Risk? There's no risk, just ask Geithner.

What there is, is a controlled demolition that has absolutely no risk of failing to detonate.

Tue, 06/26/2012 - 13:51 | 2562252 Snakeeyes
Tue, 06/26/2012 - 13:55 | 2562262 dracos_ghost
dracos_ghost's picture

And now for something completely different:(Stockton,CA about to be the largest bankruptcy in the US)

http://www.usatoday.com/news/nation/story/2012-02-29/stockton-california...

That damn Facebook gambit didn't pay off I guess.

Tue, 06/26/2012 - 14:01 | 2562277 milanitaly
milanitaly's picture

I see that this site and their follower are happy everytime Merkel says "NO"

http://www.youtube.com/watch?v=xoMgnJDXd3k

First of all there are people, then Countries and gold.

http://www.youtube.com/watch?v=0G5mU8QfCnk&feature=related

Tyler, with respect, you should think about this too, as history is a great teacher. This is a war without guns but can give the same consequence on world population, notonly for Greek, Italian and Spanish people. USA and Great Britain should know it

 

 

 

Tue, 06/26/2012 - 14:10 | 2562306 Village Smithy
Village Smithy's picture

Most people on this site do not want bad things to happen to anyone. We are just of the opinion that the damage has already been done and that the current efforts, if you can call them that, by central banks are just making the situation worse. In other words New Orleans is flooded, get the water out and get on with the clean up. Maybe we should start calling Bernanke "Brownie" because he's "doing a heck of a job".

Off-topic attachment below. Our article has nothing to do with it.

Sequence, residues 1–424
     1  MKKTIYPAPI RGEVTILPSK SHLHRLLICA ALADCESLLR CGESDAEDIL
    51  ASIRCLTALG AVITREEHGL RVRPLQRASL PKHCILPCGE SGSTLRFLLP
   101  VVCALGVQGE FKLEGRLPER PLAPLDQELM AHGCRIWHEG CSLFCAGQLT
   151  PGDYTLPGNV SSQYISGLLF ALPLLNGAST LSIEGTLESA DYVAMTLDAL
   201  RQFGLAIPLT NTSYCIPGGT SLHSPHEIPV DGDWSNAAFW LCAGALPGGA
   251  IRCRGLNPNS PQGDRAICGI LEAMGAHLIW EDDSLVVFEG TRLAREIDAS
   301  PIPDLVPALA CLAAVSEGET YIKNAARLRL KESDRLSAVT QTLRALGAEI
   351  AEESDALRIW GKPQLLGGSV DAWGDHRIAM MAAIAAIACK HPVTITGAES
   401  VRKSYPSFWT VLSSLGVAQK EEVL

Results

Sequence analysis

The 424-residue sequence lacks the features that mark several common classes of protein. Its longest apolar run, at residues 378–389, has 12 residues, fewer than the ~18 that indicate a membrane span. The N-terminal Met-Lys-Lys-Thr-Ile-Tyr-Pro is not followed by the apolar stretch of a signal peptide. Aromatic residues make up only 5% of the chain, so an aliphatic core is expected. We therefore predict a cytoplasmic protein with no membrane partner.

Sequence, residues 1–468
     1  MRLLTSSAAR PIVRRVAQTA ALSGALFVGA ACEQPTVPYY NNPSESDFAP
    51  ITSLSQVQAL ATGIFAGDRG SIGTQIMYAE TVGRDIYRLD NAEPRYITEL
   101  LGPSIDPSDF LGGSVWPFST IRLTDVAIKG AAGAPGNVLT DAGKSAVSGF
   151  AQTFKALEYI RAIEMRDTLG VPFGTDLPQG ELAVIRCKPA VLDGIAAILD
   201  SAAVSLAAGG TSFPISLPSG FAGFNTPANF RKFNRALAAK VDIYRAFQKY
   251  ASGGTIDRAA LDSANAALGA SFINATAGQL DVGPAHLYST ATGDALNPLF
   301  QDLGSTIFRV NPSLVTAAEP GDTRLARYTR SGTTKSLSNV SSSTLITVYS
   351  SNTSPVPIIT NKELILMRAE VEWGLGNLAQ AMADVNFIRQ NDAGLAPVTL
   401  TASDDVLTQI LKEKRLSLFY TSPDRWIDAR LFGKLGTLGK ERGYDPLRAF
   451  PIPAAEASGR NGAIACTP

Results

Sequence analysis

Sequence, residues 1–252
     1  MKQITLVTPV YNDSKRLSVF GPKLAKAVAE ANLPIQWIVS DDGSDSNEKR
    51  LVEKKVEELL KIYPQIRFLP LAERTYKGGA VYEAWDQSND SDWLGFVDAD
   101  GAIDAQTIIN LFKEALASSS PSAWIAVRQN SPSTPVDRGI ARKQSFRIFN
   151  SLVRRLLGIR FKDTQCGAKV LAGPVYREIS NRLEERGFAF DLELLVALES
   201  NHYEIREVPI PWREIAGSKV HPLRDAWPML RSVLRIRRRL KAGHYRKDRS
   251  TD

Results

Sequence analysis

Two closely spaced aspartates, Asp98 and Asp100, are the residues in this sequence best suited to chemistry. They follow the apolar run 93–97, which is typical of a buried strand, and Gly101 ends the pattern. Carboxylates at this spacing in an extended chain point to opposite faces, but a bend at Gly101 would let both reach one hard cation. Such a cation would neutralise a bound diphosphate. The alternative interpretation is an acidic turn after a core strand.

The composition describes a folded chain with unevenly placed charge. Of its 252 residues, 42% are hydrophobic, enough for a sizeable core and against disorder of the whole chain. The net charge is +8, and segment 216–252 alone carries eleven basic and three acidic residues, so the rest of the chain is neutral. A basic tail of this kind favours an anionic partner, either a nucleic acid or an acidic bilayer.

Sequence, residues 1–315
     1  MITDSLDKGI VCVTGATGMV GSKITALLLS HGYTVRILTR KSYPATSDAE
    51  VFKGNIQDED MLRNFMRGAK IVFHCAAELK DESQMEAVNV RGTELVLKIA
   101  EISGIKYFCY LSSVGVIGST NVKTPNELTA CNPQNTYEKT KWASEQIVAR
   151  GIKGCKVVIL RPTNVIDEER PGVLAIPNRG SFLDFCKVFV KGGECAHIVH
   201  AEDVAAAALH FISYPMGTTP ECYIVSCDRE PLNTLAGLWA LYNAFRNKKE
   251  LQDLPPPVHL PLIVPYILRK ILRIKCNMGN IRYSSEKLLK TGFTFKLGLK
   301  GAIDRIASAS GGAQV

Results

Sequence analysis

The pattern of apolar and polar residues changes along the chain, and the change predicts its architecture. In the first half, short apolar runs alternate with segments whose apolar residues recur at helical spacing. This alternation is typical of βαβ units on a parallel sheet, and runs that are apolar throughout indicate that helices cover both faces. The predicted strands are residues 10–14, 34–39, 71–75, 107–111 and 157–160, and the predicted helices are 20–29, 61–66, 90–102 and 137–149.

Tue, 06/26/2012 - 15:35 | 2562593 Gief Gold Plox
Gief Gold Plox's picture

While I understand and respect where you're coming from, I for one would like to see the system changed, violently if necessary, and those who blindly perpetuate it for their own greed, enjoyment and whatnot trialled, convicted, all assets and possessions reclaimed and imprisoned. Starting with, lets say, Corzine will be just fine. If bad things should happen to him while resisting arrest, I can live with that.

Tue, 06/26/2012 - 14:05 | 2562291 Ted Baker
Ted Baker's picture

MANIPULATION IN THE FIAT WORLD CONTINUES.....END THE FED

Tue, 06/26/2012 - 14:06 | 2562292 Bastiat009